Rebecca Black opens up about living “authentically and loudly queer.” (Photo: Getty Images; designed by Quinn Lemmers)
The Unwind is Yahoo Life’s well-being series. Experts, influencers, and celebrities share their approaches to wellness and, from self-care rituals to setting healthy boundaries to the mantras that keep them afloat.
Rebecca Black is synonymous with viral internet fame, as the singer was thrust into the spotlight when the music video for her 2011 single “Friday” was mocked extensively throughout. This experience made the then 13-year-old apprehensive about sharing parts of her life and art with the public.
“Don’t share anything, don’t be too emotionally vulnerable, don’t put that out there,” she recalls telling herself, “because I had had this crazy experience in the past when I was doing something that was in its way pretty vulnerable just as a kid and it felt like it backfired.”
But after overcoming one of the most notable examples of early cyberbullying and the impact that it can have on a teen, Black hasn’t shied away from creating her supportive community online and sharing her life with them. She shares with Yahoo Life that her social media platform even allowed her to come out as queer. She has inspired new music that she calls “so authentically and loudly queer” in her recently released album Rebecca Black Was Here.
Was your experience with viral fame at such a young age a catalyst for your focus on mental health?
I didn’t do the best job because I had people in my life, like my mom and incredible people; it was a unique experience. And I don’t think anybody knew exactly what to do there, as best as they tried. It is kind immediately allow me to start trying to figure out my mental health and ways to handle it.
As a kid, it feels impossible. I was intaking so much information from other people and how other people saw me and not having any version of my ideas of life or myself to bounce off of, which was a lot to unpack when I started to get older. So it wasn’t until I was 18 and on my own and living independently that I finally started figuring out how to act myself tools to make significant changes in my mental health and even understand what all means.
How do you approach social media in a way that doesn’t hinder your mental health?
It’s tough. We’re all having our battles with social media and all of that. I have had my ups and downs. I think what I have tried to find over the past couple of years is a balance of having a certain level of honesty online be freeing for me and helpful for other people, but also learning how to take time away and not become so invested in something that feels like it’s taking over your . And this was an even more significant challenge because so much more of my time was spent online than usual in my pre-COVID life. But I think it’s always trying to return to that balance that has helped me.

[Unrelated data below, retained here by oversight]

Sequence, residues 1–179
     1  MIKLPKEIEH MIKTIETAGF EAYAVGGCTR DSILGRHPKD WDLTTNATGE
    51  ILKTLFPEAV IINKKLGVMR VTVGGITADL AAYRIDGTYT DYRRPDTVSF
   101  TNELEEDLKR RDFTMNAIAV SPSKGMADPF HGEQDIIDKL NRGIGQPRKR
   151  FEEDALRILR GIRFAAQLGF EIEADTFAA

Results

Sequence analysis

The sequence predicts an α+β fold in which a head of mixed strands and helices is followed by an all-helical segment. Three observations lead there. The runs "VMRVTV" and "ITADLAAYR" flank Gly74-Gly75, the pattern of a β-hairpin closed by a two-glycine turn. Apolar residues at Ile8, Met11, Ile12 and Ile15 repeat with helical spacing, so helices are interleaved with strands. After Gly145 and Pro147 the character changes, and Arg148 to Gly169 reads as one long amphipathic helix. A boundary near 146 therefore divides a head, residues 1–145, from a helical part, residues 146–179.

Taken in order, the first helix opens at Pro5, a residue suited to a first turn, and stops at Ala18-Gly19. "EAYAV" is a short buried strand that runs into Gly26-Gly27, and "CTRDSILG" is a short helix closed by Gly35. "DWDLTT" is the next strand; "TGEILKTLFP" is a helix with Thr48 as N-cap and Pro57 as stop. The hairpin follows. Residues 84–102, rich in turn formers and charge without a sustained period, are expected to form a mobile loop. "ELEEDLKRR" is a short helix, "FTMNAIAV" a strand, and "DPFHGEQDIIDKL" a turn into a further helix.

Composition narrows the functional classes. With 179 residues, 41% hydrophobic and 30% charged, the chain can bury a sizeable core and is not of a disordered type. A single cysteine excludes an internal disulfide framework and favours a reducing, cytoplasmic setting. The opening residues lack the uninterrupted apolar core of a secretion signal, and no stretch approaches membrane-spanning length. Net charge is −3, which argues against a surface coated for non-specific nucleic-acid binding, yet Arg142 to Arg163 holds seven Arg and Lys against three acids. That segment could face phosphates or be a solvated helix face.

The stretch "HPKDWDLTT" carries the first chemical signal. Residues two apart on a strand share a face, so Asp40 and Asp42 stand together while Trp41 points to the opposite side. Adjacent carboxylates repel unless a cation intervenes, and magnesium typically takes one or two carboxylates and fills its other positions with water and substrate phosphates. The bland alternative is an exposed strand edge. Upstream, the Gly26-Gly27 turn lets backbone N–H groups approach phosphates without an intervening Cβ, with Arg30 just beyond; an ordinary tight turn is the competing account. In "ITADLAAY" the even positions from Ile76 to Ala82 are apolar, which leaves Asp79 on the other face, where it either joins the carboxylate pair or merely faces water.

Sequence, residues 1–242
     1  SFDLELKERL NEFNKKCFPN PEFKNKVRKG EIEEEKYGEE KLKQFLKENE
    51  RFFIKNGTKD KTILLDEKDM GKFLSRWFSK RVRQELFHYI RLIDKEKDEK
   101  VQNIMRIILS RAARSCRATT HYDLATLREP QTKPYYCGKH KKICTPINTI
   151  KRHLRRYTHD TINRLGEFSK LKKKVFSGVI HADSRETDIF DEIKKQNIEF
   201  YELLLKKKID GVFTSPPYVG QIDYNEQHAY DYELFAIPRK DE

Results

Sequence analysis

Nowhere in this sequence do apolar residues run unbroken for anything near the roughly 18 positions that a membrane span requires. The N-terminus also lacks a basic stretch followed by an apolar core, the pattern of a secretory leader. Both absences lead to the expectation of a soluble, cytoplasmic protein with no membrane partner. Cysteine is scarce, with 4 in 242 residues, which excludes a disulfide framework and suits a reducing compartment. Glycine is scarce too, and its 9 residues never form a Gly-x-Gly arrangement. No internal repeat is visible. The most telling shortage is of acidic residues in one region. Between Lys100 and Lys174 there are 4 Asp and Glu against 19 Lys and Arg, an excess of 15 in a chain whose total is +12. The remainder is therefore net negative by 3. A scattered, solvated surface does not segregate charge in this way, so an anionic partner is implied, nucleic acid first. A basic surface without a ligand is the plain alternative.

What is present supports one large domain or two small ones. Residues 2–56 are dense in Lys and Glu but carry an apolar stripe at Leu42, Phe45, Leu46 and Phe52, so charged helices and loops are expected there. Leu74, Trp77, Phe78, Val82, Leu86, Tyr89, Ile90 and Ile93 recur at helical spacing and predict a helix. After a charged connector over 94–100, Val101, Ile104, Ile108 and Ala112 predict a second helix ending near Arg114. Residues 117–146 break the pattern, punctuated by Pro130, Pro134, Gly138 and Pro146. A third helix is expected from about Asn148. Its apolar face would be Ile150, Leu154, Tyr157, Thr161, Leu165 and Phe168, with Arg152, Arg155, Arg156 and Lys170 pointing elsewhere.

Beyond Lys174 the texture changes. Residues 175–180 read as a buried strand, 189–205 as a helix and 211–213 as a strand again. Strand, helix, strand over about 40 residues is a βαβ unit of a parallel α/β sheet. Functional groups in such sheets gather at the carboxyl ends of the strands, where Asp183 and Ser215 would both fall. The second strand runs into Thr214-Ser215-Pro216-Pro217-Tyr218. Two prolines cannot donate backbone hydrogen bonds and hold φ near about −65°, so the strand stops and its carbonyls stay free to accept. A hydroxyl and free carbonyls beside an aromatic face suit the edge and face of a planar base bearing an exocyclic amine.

Why is authenticity online so important to you?
People being able to share what is on their mind and notlike they owe the internet anything at the same time has been helpful for me. Honestly, it’s been more than willing. It’s in so many other ways. Now I can have a relationship with my audience like I never had. I don’t know how I would have come out if I didn’t learn how to do that. And feeling like I have an audience of people who support the things I help because they what I keep and who I am. I finally learned how to be honest.
You’ve partnered withon a “Be Seen” campaign. What does being seen mean to you?
I think it is a phrase that carries so much meaning to it. One thing I’m proud of my current generation for doing, which I am technically a part of Gen Z, is I think that they’rea real focus on how important it is not only to recognize that there are disenfranchised communities but how important it is to give that disenfranchised representation and to uplift them.
That is something that for me as someone who is part of thewith a Mexican immigrant mom and just as a young woman in the industry that I’m in has been so important to me and has been a massive part in helping me find my confidence that I can’t even imagine what it is like for communities of people of color, young people of color, who are even more disenfranchised than what I’ve had to go through in my tiny little sliver.
How do you feel seen?
I’ve also always felt extremely seen by my mom. She always, always, always gave me a safe place where I felt like I could come to her with anything and there would be no judgment. She never gave me fear or a request like, ‘If this ever happens, you’re in trouble.’ It’s like, let’s problem-solve and get you healthy and safe. And that was one of the most impactful things and experiences I’ve ever had with my mom because it made discovering my queerness and sexuality something I never felt like I had to hide and therefore put myself in a.
What did your mom teach you about self-care?
My mom always did her best tothat she could emotionally, always being there for me. But at the same time, I important and helped me was that she gave me a lot of independence and allowed me to experience things myself. So when I did go off and get into trickier situations growing up, as we all do, she allowed me to fail and fail in up from, and then always offered support and support help. And that was just huge.
There are ways of self-care, like bubble baths and therapy, which are basic self-care. But I think finding autonomy in yourself and figuring out how to take thefrom people who have helped you along the way, whether it be a parent or an important figure in your life or a book, and learning how to apply it to your life is the most effective form of self-care and the most complex version of all the work that everybody talks about. And that has helped me. has been edited for length and clarity.